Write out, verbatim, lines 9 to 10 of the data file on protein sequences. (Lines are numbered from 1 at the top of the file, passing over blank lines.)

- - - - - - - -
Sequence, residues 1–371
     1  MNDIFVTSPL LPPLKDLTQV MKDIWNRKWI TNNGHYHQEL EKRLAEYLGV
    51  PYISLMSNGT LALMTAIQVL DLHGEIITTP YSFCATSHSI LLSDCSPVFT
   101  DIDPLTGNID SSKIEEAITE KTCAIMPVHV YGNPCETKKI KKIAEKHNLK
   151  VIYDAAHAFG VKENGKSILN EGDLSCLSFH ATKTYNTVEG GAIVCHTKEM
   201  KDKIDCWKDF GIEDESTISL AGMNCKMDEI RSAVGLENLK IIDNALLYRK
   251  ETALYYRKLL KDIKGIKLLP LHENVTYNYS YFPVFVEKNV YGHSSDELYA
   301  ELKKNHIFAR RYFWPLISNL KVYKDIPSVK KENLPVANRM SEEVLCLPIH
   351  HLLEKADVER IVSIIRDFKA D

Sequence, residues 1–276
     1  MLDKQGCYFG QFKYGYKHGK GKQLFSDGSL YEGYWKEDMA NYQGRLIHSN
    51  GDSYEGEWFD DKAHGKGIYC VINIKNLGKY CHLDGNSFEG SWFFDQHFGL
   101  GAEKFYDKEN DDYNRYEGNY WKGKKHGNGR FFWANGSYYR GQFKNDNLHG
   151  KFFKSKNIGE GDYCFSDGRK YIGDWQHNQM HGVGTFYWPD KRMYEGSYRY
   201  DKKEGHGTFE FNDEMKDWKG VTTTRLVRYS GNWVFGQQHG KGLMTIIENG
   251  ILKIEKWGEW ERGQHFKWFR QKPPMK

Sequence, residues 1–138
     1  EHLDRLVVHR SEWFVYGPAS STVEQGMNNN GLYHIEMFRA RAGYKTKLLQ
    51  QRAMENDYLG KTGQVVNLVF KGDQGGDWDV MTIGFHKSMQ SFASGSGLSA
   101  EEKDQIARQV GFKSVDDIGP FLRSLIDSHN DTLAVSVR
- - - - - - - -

   351  HLLEKADVER IVSIIRDFKA D

Sequence, residues 1–276